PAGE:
Lexical Semantics in Type Theory with Coercive Subtyping
Dept of Computer Science
Royal Holloway, Univ of London
Funded by the Leverhulme Trust (Grant
Ref: F/07-537/AJ; 147K; June 2011 -- May 2014)
Summary of the Project Proposal
There have been very interesting developments in lexical semantics
in the last fifteen years including, e.g., the Generative Lexicon
Theory . However, the research so far has
failed to provide an adequate formal account of the lexical
theories. Most of the employed formalisms are based on (extensions
of) the Montague grammar and unable to capture the
important linguistic phenomena satisfactorily.
The modern type theories such as [5,2] provide a
promising formalism for lexical semantics: the rich type structures
are capable to capture various sophisticated lexical phenomena. There
is a problem, though. In a type-theoretical semantics, as studied by Ranta , types are
used in a crucial way in place of the functional subsets as used in
Montague grammar, but the operations on types are rather fewer than
those on functional subsets and appear to be not enough for a formal
semantics. This has become a major obstacle in obtaining a
satisfactory type-theoretical semantics.
To solve this problem, we have conducted a preliminary study . It shows that a theory of subtyping is not
only useful but crucial in giving a natural and adequate
type-theoretical semantics and that coercive subtyping 
provides us with such a framework. The first goal of the current
project is to develop this type-theoretical approach, employing modern type
theory with coercive subtyping to obtain an adequate formal account
of lexical semantics as studied by Pustejovsky , Asher  and
In the past two decades, type theory has been applied successfully to
interactive theorem proving.
The second goal of this project is to apply the type theory based proof technology to linguistic reasoning, by designing and implementing a natural language reasoning tool based on the type-theoretical semantics, on top of an existing proof assistant. This will also open up a new research direction to apply the proof technology to computer-assisted reasoning with natural languages.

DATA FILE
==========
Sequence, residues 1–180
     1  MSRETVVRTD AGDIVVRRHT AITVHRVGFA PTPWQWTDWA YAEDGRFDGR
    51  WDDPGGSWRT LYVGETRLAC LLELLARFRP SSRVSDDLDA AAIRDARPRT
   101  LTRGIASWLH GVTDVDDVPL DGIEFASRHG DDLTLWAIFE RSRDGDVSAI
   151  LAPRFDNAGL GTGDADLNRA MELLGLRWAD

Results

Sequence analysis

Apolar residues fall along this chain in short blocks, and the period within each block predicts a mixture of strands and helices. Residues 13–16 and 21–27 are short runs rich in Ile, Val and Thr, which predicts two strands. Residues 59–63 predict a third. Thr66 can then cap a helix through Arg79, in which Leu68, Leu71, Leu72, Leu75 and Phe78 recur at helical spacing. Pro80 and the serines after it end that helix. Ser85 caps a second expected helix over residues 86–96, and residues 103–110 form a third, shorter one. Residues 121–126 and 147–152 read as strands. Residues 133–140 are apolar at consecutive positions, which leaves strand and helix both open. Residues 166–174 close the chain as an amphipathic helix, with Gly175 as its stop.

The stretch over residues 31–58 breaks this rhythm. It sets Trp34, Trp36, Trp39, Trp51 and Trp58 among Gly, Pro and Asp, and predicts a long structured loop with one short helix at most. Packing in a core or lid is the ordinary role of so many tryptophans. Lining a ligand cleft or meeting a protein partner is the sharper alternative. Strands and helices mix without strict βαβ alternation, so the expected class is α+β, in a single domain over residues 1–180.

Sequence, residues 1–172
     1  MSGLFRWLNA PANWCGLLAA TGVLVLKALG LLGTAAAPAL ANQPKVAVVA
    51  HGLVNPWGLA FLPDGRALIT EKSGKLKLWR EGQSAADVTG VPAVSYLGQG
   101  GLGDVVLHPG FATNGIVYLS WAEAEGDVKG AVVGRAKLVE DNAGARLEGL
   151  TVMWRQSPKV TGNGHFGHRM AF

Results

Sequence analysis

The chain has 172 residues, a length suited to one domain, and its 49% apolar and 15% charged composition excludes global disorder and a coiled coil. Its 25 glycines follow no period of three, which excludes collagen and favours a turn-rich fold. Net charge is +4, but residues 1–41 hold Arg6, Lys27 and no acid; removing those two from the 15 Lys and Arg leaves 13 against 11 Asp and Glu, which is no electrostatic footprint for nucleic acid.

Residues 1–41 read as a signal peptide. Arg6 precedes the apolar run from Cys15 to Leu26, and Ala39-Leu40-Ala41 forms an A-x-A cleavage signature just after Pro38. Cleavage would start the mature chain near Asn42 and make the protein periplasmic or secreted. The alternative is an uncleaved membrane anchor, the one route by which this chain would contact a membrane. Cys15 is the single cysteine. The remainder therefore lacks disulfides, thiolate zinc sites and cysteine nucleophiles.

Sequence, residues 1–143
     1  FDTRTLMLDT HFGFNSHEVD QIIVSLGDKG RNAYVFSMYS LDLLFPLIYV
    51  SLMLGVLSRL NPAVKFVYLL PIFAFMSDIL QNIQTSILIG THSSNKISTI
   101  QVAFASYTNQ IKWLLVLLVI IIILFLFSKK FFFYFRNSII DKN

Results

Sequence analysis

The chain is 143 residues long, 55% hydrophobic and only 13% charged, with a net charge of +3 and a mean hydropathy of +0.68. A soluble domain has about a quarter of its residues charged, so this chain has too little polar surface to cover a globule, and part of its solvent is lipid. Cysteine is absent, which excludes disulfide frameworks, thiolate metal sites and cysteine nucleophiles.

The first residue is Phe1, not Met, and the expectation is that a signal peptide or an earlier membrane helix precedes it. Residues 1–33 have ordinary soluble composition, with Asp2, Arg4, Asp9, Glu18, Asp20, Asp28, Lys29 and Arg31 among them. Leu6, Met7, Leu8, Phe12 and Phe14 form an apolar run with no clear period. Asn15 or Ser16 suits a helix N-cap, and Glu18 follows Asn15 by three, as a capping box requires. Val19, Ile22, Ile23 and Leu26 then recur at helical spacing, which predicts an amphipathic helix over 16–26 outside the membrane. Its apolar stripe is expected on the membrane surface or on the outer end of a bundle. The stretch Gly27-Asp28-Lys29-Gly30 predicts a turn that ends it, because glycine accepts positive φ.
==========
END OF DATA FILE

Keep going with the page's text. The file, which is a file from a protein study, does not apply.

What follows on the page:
N. Asher. Lexical Meaning in Context: A Web of Words. CUP, 2010.
 Z. Luo. Computation and Reasoning: A Type Theory for Computer Science. OUP, 1994.
 Z. Luo. Type-theoretical semantics with coercive subtyping. Semantics and Linguistic Theory 20 (SALT20),
 Z. Luo. Coercive subtyping. Journal of Logic and Computation, 9(1). 1999.
 P. Martin-Lof. Intuitionistic Type Theory. Bibliopolis, 1984.
 J. Pustejovsky. The Generative Lexicon. MIT, 1995.
 A. Ranta. Type-Theoretical Grammar. OUP, 1994.
Relevant publications and documents
S. Chatzikyriakidis and Z. Luo. Formal Semantics in Modern Type Theories:
Theory and Implementation. Advanced course at ESSLLI 2014, Tubingen,
Germany. August 2014.
S. Chatzikyriakidis and Z. Luo. Adjectives in a Modern Type-Theoretical
Setting. The 18th Conf. on Formal Grammar, Dusseldorf. LNCS 8036. 2013.
Z. Luo. Formal Semantics in Modern Type Theories with Coercive
Subtyping. Linguistics and Philosophy, 35(6). 2012.
N. Asher and Z. Luo. Formalisation of coercions in lexical semantics. Sinn
und Bedeutung 17, Paris. 2012. [abstract
S. Chatzikyriakidis and Z. Luo. An Account of Natural Language Coordination
in Type Theory with Coercive Subtyping. Constraint Solving and Language
Processing 2012, LNCS 8114. 2013.
Z. Luo. Common nouns as types. LACL'12, LNCS 7351. 2012.
T. Xue and Z. Luo. Dot-types and their implementation. LACL'12, LNCS 7351. 2012.
Z. Luo. Notes
and slides at ESSLLI 2011, Ljubljana,
Slovenia (for a course on Lexical Semantics, taught together
with Prof Nicholas Asher)
Z. Luo. Contextual analysis of word meanings in type-theoretical
semantics. Logical Aspects of Computational Linguistics (LACL'2011). LNAI 6736,
Z. Luo. Type-theoretical
semantics with coercive subtyping. Semantics and Linguistic Theory 20
(SALT20), Vancouver. 2010.
Z. Luo and P. Callaghan. Coercive subtyping and lexical semantics (extended
abstract). Logical Aspects of Computational Linguistics (LACL'98).